Due to the provisions of The Affordable Care Act, or ObamaCare, there are huge opportunities in the pharmaceutical sector for long term investors, no matter what the style. That is certainly been shown by the performance of “Big Pharma” companies such as Eli Lilly (NYSE: LLY), Merck (NYSE: MK), and Pfizer (NYSE: PFE) in recent market action. It also makes small cap biotechnology firms like CynDyn (OTC: CYDY) with promising products in the approval pipeline very appealing, too.
There are a great many similarities between “Big Pharma” and “Big Oil” stocks.
Others articles on this site have focused on the alluring income features of Big Oil stocks like ExxonMobil (NYSE: XOM) and Royal Dutch Shell (NYSE: RDS-B), the two largest in the world. It is the same with Big Pharma behemoths. At present, the average dividend yield for a member of the Standard & Poor’s 500 Index is jusdt under 2 percent.
For Eli Lilly, the dividend yield is more than 3.3 percent. The dividend yield for Merck is 3.19 percent. Pfizer has a dividend yield of 3.27 percent. Big Pharma, like Big Oil, has a tradition of increasing the amount of the dividend payment annually, too. That rewards long term shareholders with larger dividend payments each year.
But, like Big Oil, the days of Big Growth are over for Big Pharma.
ObamaCare helps out in that drug costs are covered for more Americans. That will increase earnings for the pharmaceutical industry due to increased buying from more customers. But that has already been baked into the stock price of Big Pharma firms in the bull market rally. For the last year of market action, Merck is up more than 30 percent. Pfizer is up more than 16 percent for that period of time. Eli Lilly is up nearly 7 percent.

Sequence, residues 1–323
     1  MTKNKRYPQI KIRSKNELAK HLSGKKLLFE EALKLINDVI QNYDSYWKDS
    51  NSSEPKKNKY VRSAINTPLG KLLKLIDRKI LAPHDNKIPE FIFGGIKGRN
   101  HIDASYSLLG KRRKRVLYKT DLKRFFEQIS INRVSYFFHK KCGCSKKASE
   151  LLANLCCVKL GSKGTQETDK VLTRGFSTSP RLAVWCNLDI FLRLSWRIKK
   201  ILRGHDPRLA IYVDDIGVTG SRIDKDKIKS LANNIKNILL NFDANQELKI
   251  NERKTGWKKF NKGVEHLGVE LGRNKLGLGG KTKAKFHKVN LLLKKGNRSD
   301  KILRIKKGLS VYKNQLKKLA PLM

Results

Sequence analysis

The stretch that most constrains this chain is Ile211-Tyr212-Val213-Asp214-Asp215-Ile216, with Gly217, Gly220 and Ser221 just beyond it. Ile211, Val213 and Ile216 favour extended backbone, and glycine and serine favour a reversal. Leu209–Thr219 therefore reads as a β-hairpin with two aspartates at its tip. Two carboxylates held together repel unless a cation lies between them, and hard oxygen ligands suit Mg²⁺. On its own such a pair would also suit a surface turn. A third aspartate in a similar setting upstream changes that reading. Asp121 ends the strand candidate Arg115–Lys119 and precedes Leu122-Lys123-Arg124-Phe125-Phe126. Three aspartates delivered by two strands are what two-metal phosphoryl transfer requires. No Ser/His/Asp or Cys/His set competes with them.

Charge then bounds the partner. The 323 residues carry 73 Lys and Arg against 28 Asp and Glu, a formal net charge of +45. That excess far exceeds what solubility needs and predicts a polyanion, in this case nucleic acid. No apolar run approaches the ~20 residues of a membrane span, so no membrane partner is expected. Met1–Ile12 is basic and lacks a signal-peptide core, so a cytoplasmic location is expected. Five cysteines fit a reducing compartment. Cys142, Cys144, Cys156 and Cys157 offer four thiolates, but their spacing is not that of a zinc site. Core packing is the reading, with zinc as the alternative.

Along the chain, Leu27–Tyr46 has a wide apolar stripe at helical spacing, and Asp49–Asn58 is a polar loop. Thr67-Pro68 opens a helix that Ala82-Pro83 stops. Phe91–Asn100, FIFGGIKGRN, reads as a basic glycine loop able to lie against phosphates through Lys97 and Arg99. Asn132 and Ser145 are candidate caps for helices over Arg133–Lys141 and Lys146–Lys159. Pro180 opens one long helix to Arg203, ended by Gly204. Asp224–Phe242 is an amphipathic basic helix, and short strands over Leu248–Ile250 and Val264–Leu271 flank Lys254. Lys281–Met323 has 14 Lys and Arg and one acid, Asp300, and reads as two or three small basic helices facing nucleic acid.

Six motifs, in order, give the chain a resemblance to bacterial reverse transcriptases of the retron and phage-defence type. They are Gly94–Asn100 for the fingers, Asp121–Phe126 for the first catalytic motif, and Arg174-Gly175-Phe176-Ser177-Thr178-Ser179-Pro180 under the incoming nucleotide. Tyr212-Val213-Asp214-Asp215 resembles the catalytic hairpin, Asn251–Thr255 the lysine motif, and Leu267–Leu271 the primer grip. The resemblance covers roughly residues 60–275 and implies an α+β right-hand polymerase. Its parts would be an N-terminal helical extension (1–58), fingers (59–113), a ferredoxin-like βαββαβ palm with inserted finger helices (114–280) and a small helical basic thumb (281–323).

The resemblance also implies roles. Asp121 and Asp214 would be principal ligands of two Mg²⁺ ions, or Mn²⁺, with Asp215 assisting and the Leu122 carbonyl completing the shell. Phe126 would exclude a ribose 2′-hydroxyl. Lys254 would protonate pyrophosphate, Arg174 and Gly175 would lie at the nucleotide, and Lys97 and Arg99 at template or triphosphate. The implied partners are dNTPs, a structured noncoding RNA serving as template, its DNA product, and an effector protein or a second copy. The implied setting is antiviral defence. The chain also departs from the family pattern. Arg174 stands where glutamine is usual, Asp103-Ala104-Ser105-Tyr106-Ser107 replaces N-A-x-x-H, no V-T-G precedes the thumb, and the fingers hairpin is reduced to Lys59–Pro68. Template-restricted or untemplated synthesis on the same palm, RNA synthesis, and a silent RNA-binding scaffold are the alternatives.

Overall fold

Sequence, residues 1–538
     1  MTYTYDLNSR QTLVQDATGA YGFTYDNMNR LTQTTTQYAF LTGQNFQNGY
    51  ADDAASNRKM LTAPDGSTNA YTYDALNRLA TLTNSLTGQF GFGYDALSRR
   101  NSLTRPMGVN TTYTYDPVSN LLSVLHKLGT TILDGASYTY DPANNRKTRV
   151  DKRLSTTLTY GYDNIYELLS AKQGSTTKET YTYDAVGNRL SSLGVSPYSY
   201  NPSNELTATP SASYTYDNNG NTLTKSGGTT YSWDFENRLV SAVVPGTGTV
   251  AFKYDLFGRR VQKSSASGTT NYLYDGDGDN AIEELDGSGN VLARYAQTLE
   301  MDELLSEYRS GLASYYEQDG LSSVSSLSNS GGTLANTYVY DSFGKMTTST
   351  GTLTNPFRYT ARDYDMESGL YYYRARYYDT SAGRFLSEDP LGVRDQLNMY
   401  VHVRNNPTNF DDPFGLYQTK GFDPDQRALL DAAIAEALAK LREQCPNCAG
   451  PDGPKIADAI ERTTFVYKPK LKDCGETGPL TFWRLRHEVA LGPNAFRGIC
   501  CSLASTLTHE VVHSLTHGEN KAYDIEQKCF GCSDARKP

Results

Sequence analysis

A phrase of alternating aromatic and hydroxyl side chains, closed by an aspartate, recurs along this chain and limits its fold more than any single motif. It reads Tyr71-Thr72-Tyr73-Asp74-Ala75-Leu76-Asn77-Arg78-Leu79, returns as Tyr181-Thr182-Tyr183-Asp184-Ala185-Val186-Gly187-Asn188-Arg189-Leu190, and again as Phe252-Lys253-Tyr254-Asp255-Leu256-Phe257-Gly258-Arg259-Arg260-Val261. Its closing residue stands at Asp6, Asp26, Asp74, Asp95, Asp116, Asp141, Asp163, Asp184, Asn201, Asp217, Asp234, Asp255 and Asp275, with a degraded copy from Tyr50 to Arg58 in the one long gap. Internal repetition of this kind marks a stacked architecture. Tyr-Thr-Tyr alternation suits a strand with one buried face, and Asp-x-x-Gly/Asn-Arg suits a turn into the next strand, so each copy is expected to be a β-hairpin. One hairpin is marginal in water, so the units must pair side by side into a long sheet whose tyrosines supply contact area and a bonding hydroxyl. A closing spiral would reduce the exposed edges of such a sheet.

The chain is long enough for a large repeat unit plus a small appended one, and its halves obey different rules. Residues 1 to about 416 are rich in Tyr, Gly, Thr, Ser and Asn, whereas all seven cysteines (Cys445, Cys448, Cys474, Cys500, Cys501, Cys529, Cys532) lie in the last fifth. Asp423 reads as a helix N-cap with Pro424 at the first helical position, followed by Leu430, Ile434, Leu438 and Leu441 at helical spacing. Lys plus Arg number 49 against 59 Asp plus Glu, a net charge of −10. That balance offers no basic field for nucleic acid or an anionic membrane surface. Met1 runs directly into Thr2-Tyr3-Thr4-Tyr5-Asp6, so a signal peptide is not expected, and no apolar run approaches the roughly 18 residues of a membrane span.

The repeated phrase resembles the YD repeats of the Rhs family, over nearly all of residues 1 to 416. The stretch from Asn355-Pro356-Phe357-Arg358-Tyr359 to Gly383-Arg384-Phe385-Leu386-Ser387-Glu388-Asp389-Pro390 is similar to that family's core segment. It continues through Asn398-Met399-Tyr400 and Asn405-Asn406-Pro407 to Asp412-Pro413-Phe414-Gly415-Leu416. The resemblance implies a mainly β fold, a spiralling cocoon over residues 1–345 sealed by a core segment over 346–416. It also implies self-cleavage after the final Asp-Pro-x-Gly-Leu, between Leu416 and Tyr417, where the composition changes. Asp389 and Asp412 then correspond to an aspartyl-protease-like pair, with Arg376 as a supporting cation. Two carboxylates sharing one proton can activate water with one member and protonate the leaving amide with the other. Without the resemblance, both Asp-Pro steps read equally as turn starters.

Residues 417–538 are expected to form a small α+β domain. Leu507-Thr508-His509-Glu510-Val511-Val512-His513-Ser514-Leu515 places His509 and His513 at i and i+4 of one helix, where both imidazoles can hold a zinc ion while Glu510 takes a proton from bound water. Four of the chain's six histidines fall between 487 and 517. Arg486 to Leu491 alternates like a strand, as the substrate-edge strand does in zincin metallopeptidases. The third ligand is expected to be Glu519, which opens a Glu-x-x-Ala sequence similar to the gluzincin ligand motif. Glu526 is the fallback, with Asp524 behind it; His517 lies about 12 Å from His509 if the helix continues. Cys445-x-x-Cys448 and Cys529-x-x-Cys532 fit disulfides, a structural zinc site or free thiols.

For the future, small caps like CynDyn and others could offer the most growth potential.
In a recent earnings call, CynDyn reported on positive news from the Food and Drug Administration. Its main product, PRO 140, an antiviral agent that treats HIV patients, has been “fast tracked.” CynDyn has a unique program that allows for HIV patients to take a “drug holiday.” That allows for the mind, body, and soul of the patients to recover from the toxic effects of the drugs that must be taken. The treatment substation program features an injection that the patient administers rather than constantly consuming much more expensive drugs.
Long term investors should have a variety of stocks like these from the pharmaceutical industry.
Health care is pretty much recession-proof. It is the largest component of the American economy. Pharmaceutical products are a big chunk of that. Therefore it provides a solid foundation for an investment portfolio. For income investors, it is tough to beat the dividend yield and the growth potential of the income stream from Merck, Eli Lilly, and/or Pfizer. Those seeking growth should be very bullish on firms like CynDyn, particularly after the recent news from the Food and Drug Administration.
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Jonathan Yates is a financial writer with degrees from Harvard, Johns Hopkins and Georgetown University Law Center. While much of his career was spent working for Members of Congress on Capitol Hill, he was also General Counsel for a publicly traded corporation; and worked in the research department of a brokerage house.